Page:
Thursday, December 12, 2019

Prefer to use fail for IO exceptions


This post briefly explains why I commonly suggest that people replace error with fail when raising IOExceptions.

The main difference between error and fail can be summarized by the following equations:

In other words, any attempt to evaluate an expression that is an error will raise the error. Evaluating an expression that is a fail does not raise the error or trigger any side effects.

Why does this matter? One of the nice properties of Haskell is that Haskell separates effect order from evaluation order. For example, evaluating a print statement is not the same thing as running it:

This insensitivity to evaluation order makes Haskell code easier to maintain. Specifically, this insensitivity frees us from concerning ourselves with evaluation order in the same way garbage collection frees us from concerning ourselves with memory management.

Once we begin using evaluation-sensitive primitives such as error we necessarily need to program with greater caution than before. Now any time we manipulate a subroutine of type IO a we need to take care not to prematurely force the thunk storing that subroutine.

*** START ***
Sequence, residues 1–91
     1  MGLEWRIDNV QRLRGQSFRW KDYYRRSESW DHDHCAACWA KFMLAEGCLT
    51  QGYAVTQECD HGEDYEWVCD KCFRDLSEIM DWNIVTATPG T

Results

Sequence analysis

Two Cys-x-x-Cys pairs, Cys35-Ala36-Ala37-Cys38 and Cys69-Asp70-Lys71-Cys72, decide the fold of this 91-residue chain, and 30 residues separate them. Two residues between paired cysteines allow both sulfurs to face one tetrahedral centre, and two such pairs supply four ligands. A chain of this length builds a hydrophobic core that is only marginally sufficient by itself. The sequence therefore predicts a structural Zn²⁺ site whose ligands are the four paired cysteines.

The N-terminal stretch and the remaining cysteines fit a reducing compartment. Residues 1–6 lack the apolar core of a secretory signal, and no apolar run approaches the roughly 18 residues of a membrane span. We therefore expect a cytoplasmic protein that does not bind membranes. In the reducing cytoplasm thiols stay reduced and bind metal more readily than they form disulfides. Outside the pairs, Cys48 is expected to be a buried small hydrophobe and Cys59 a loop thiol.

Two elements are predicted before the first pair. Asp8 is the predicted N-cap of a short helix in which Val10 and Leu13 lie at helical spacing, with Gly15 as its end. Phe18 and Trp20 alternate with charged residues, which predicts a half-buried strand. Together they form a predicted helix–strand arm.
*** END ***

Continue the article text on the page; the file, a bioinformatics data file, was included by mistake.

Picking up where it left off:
How likely are we to prematurely evaluate a subroutine? Truthfully, not very likely, but fortunately taking the extra precaution to use fail is not only theoretically safer, it is also one character shorter than using error.


Note that this advice applies solely to the case of raising IOExceptions within an IO subroutine. fail is not necessarily safer than error in other cases, because fail is a method of the MonadFail typeclass and the typeclass does not guarantee in general that fail is safe.

fail happens to do the correct thing for IO:

… but for other MonadFail instances fail could be a synonym for error and offer no additional protective value.

If you want to future-proof your code and ensure that you never use the wrong MonadFail instance, you can do one of two things:

  • Enable the TypeApplications language extension and write fail @IO string
  • Use Control.Exception.throwIO (userError string) instead of fail

However, even if you choose not to future-proof your code fail is still no worse than error in this regard.